Analysis: Before Robin van Persie - Five of the most controversial English Premier League transfers

Inspired by Robin van Persie's move from Arsenal to Manchester United, James Ranson casts his mind back and digs out five transfers that boiled the blood of supporters

By James Ranson

Robin van Persie's £22 million move from Arsenal to Manchester United added his name to a long list of defectors from the Gunners, including Samir Nasri, Emmanuel Adebayor, Ashley Cole, Kolo Toure and Gael Clichy.

In the wake of his dramatic transfer, takes a look at five of the most controversial transfers in English Premier League history.


The former England defender infamously told Spurs' club magazine, among various other public statements, he would never leave for Arsenal... that was until a few months later, when he chose Tottenham's bitter North London rivals with Champions League football in mind at the end of the 2000-2001 season. That the Gunners got the centre back on a free transfer merely rubbed salt into the wound. Campbell was one of the highest-profile players to move on a free transfer within the Premier League under the Bosman ruling and went on to win two titles and two FA Cups for Arsene Wenger's side.


The Argentine made the move few have in Premier League circles after winning over the Old Trafford faithful for his hardworking performances during a two-year loan spell. Naturally, Tevez drew the ire of Red Devils supporters but bizarrely, it was their displeasure at manager Sir Alex Ferguson for not throwing the kitchen sink at the striker that ensured Tevez was not stoned in the city square. The Scot claimed Tevez was not worth the £25 million price tag to make the deal permanent and, in what has turned out to be a rather symbolic gesture, their neighbours from the blue half of the city snapped him up. City felt they had acquired a player United either could not afford or did not want and promptly erected a large 'Welcome to Manchester' billboard with Tevez's head smack bang in the middle of it just to rile their bitter rivals all the more.


The Tyne-Wear derby is one of the most heated in English football, so when Newcastle youth product Clark jumped down a division to play for bitter rivals Sunderland in 1997, plenty of eyebrows were raised. Following seven years playing for Newcastle's first team, Clark made the move few have dared to and actually enjoyed a degree of success at the Stadium of Light as part of the side that won the old Division One in 1999 with a record 105 points. That is where the association ended, with Clark brazenly - some would say stupidly - brandishing an anti-Sunderland shirt reading 'Sad Mackem Bastards' while supporting Newcastle in the 1999 FA Cup Final. With such venom it is difficult to imagine what possessed Clark to agree to the move in the first place, but all seemed to be forgotten when he closed out his career with one season at Newcastle following six at Fulham.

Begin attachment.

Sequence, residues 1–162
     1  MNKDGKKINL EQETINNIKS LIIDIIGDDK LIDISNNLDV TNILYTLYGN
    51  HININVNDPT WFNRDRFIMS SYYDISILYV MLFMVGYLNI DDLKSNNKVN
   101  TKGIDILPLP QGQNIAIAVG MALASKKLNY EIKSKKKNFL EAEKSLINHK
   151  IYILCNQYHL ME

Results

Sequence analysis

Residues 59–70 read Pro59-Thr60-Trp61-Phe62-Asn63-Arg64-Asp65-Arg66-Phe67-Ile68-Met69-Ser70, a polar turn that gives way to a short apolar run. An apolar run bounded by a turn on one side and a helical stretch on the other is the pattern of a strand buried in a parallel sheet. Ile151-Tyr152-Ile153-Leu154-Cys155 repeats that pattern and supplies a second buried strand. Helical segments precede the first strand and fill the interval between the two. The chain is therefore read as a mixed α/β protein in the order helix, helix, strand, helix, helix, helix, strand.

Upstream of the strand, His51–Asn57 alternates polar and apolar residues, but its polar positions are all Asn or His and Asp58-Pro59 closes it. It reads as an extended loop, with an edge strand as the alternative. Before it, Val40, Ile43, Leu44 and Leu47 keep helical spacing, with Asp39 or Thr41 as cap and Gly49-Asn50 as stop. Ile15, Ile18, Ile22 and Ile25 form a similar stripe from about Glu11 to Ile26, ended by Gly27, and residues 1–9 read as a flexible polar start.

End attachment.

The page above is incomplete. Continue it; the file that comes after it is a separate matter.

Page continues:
Cole's move to Chelsea saw the practice of 'tapping up' simmer to the surface, when the England left-back, a contracted player at the time, was caught up in accusations of illegal negotiations with Chelsea. Part of the Arsenal's 'Invincibles' squad, Cole quickly turned into a figure of scorn for Gunners fans following the infamous meeting with Chelsea's officials at the Royal Park Hotel. Cole had been hanging out for an extra £5,000 pounds a week from Arsenal, but got his wish when he was sold to the Blues on deadline day. The Premier League eventually stepped in to deal with the matter legally, with Cole, Chelsea and its officials fined for their part in the saga. Later in his autobiography, Cole burnt the last of any bridges that may have remained by blaming Arsenal over the scandal.


The sheer monetary compensation - £50 million - for Torres' transfer to Chelsea did little to dampen the outrage spilling from Anfield on the eve of the 2011-12 season. Torres proved himself a prolific scorer [65 goals in 102 games] in front of The Kop and endeared himself to the fans, but his claims of loyalty and long-term commitment proved feeble. Liverpool fans rightly felt cheated and misled just a month after Torres had intimated his desire to see out his contract. The Spaniard later claimed the departures of key cogs Javier Mascherano and Xabi Alonso justified his 'professional' move and he further stoked the fire when he claimed he had never kissed the Liverpool badge, believing romance in football was long gone. Liverpool fans wounds healed a little in Torres' stuttering maiden campaign with Chelsea, going on a 24-game goal drought.


  • In 2000, Nick Barmby became the first player since 1959 to move across Merseyside from Everton to Liverpool.
  • After four seasons at Arsenal, William Gallas retraced Campbell's footsteps across town to North-London rivals Tottenham at the start of the 2010 season.
  • Harry Redknapp had two stints managing Portsmouth either side of an unsuccessful one-year spell in charge of south-coast rival Southampton during the 2004-05 season.
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